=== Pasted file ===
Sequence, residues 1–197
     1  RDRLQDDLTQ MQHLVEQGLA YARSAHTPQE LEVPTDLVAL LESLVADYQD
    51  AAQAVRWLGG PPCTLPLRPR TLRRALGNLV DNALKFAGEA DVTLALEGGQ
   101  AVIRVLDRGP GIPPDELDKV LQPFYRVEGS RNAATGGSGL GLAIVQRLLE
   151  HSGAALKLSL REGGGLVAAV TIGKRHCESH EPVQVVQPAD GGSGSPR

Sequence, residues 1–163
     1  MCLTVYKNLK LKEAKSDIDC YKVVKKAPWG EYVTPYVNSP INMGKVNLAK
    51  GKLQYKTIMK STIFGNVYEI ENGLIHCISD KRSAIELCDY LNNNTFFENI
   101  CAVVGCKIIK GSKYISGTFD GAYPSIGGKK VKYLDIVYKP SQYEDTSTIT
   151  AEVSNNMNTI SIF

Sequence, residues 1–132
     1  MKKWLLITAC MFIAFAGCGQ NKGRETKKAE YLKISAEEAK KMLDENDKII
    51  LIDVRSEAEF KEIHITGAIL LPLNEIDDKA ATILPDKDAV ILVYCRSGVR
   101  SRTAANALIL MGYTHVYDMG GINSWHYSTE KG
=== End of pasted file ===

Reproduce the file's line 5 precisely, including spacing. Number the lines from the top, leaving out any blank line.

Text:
   151  HSGAALKLSL REGGGLVAAV TIGKRHCESH EPVQVVQPAD GGSGSPR